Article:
Working out of the Box is a series of features presenting architects who have applied their architecture backgrounds to alternative career paths.
In this installment, we're talking with Miguel McKelvey, Co-Founder & Chief Creative Officer at WeWork.
Are you an architect working out of the box? Do you know of someone that has changed careers and has an interesting story to share? If you would like to suggest an (ex-)architect, please send us a message.
WeWork establishes co-working spaces -- places for individuals and small businesses to create, collaborate, grow and succeed. Only four years old, WeWork has grown into an impressive nationwide enterprise, tallying 17 venues in 7 major U.S. cities, including 8 in New York City alone. The company’s co-founder and Chief Creative Officer, Miguel McKelvey, learned to leverage skills from his architecture education to become a successful entrepreneur in the midst of the dot-com boom. McKelvey’s critical and rigorous project-design skills inform WeWork's idiosyncratic designs, keeping the company progressive and questioning what “going to work” can mean in the midst of a changing economic landscape.
Where did you study architecture?
University of Oregon (I studied with Paul Petrunia, Archinect's founder!)
At what point in your life did you decide to pursue architecture?
I was taking a sculpture class at The Colorado College, and one of my professors said I should think about architecture for graduate school, because my sculpture was inherently architectural. I had coincidentally become unhappy with the prospects of a fine art degree, because I had actually entered college thinking I would be focused more on business and would eventually get an MBA. I loved my art classes, and was bored out of my mind in economics, so the idea of architecture school started as middle ground between my connection to artistic expression and my need for a professional career path. Instead of sticking around and waiting for graduate school, I transferred to the U of O - and the summer before school started I did nothing but read architecture books. It felt like discovering something that had always been a part of me, but that I hadn't know about. The whole process worked out well for me, because I got two years of messing around and having fun in college before I started architecture school. Once I was there, I was able to fully dedicate myself to the pursuit of amazing work and to spending 14 hours a day in studio.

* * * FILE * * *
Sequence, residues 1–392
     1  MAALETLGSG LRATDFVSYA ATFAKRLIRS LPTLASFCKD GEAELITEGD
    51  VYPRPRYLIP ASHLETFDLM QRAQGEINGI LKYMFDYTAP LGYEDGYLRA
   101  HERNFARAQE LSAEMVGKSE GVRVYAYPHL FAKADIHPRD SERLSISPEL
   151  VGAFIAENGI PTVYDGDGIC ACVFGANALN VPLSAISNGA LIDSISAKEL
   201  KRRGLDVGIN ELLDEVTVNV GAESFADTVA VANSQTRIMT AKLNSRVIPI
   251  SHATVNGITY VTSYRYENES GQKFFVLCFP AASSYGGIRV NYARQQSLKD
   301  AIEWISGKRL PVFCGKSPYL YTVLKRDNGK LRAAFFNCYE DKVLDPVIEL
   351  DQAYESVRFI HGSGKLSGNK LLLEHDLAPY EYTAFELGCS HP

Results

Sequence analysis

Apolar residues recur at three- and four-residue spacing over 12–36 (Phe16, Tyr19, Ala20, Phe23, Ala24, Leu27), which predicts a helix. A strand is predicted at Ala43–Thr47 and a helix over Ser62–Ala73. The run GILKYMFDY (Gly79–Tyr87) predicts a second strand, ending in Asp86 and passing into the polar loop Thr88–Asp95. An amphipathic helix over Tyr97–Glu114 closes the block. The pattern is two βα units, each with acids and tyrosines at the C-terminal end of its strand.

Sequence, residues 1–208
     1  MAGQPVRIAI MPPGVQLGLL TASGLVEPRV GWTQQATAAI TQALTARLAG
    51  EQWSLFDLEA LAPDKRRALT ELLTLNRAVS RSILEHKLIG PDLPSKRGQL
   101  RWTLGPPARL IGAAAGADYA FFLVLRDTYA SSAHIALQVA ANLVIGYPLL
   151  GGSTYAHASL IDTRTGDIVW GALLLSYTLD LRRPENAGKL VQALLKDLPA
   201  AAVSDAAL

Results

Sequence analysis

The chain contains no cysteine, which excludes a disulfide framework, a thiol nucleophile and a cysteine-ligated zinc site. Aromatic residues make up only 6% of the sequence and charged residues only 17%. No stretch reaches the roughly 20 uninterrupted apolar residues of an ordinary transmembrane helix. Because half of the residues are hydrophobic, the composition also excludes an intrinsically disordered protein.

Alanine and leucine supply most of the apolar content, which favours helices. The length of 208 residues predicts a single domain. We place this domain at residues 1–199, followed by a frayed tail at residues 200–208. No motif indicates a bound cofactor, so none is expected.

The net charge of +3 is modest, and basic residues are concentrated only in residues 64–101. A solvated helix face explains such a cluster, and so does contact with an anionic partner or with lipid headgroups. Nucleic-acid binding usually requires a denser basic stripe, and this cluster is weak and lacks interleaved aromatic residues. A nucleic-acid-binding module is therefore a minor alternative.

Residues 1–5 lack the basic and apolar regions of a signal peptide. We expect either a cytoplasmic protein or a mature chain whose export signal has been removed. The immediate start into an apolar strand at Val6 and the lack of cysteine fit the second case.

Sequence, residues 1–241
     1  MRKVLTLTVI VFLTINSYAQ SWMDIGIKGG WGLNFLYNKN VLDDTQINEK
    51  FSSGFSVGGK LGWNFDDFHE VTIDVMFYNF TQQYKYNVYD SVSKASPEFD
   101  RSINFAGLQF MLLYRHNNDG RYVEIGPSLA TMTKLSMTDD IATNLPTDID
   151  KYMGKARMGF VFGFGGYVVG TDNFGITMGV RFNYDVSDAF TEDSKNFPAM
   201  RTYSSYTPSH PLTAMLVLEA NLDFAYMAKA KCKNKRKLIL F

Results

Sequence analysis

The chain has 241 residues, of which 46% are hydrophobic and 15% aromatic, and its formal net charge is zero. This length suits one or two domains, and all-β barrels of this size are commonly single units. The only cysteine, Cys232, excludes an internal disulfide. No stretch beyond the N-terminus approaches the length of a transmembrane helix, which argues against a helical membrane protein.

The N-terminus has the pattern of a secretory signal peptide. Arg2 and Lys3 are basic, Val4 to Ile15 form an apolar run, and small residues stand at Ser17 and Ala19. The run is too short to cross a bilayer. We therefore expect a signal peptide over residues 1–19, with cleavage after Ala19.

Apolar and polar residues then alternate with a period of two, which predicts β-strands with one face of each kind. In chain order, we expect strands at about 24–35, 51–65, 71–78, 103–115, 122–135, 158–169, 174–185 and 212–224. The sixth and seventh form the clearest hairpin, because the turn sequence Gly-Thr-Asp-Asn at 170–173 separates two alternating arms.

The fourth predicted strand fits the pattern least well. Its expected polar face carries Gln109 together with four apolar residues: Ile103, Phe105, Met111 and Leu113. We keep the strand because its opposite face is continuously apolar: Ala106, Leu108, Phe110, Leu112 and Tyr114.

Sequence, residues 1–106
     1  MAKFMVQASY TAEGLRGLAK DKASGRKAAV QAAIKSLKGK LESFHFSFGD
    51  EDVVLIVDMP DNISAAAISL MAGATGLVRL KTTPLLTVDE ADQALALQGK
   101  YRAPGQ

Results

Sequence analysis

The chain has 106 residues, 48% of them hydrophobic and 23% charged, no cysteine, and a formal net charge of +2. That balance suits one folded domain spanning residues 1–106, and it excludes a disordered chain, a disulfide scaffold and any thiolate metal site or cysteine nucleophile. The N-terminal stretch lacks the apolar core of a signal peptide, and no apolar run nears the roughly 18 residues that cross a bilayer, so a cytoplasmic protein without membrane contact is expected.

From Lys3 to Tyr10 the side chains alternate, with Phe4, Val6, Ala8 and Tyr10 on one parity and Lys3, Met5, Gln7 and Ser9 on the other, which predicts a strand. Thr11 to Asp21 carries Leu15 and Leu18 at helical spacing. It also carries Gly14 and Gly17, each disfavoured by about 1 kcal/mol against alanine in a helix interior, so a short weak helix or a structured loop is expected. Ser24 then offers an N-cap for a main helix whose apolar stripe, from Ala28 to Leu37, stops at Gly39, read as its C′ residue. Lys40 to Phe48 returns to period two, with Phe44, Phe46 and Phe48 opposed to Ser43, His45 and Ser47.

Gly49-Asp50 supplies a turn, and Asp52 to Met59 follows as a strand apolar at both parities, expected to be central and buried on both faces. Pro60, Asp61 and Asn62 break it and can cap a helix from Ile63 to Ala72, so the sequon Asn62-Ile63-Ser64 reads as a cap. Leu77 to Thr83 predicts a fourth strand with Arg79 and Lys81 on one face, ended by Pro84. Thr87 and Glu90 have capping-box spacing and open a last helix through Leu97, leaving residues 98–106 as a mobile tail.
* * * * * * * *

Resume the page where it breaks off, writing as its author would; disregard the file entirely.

I would make the argument that architecture is a better preparation for being an entrepreneur than business school is.When did you decide to stop pursuing architecture? Why?